Updated September 23
One hundred and forty years ago, two armies met on a field of battle outside a northern city.
A series of inspired victories had swelled the confidence of the invading army. During the first day of fighting the battle was chaotic, and missed opportunities by the south side left the outcome undecided when night fell. The second day's combat ebbed and flowed but ultimately left the northern army in the stronger, more defensible position. At the end of day three, after an ill-considered charge and much bloodshed, the southern cause was all but lost. The war continued on for a while, but the outcome was never again in question. The Yankees came to town this week. Call it the Reconstruction Series.
The White Line. Usually when a passionate cause in this city is crushed so swiftly and decisively, it's because the mayor ordered in the backhoes under cover of darkness. As September waxed, Sox fans had high hopes their team would either emerge as the division leader or, at the very least, take the race down to the October wire. But the south-siders tiptoed into that good night like Snuggle the Downy bear after an overdose of Percocet. As a result, history won't remember the excitement of the 2003 season, which will likely be recorded, as were so many others, with the notation "Chicago, 3rd place."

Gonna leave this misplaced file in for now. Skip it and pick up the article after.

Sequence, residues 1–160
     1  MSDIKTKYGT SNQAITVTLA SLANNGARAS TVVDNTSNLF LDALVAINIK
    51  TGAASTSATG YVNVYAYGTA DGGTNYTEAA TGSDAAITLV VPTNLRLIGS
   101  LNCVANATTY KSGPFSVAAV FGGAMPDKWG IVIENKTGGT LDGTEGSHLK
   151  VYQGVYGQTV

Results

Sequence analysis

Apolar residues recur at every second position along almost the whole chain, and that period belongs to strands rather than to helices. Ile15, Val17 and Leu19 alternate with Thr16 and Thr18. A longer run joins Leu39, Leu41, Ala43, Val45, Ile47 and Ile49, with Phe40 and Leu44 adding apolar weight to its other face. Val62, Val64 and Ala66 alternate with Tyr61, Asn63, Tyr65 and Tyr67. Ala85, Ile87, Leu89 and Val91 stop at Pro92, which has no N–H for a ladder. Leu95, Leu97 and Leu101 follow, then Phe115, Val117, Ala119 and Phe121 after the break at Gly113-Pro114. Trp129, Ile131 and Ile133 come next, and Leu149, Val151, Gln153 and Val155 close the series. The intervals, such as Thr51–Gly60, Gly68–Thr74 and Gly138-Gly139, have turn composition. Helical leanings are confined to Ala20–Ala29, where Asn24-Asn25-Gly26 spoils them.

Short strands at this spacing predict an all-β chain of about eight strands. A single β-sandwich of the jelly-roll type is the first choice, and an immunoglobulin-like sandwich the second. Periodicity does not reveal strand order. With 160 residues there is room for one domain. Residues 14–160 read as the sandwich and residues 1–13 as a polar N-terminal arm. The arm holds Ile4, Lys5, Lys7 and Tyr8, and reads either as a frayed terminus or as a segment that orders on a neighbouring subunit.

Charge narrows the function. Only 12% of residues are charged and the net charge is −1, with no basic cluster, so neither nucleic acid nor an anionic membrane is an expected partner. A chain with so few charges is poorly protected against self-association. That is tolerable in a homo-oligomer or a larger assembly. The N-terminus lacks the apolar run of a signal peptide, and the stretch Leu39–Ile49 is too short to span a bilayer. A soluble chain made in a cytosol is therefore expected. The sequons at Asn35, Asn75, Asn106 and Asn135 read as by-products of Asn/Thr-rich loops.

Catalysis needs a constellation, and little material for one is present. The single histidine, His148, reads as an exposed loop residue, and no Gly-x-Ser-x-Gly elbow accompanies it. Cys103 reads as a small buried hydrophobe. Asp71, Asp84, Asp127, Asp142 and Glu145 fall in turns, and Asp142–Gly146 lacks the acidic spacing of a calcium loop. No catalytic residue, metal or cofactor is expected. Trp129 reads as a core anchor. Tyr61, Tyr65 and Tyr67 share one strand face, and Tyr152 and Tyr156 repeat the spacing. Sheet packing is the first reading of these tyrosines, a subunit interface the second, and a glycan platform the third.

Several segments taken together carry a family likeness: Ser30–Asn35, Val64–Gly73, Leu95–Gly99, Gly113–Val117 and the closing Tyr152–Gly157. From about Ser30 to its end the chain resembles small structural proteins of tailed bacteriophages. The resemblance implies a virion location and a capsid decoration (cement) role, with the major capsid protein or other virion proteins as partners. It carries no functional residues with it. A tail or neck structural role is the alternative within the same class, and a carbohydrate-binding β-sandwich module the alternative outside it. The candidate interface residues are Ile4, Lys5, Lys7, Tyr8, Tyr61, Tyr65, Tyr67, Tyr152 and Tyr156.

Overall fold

The Black Line. Like the Swiss Family Robinson, the Cubs find themselves in unfamiliar territory and in repeated pitched battles against Pirates. Despite the 28 runs scored by the Bucs last weekend, Cubs fans began the week in high spirits, just a half game behind the Astros and, as the last Chicago baseball team standing, with city bragging rights locked up until April. Of course playing for bragging rights is getting old--86 years old, in fact--and the Cubs had just a few games left to put their money where Mark Prior's mouth is.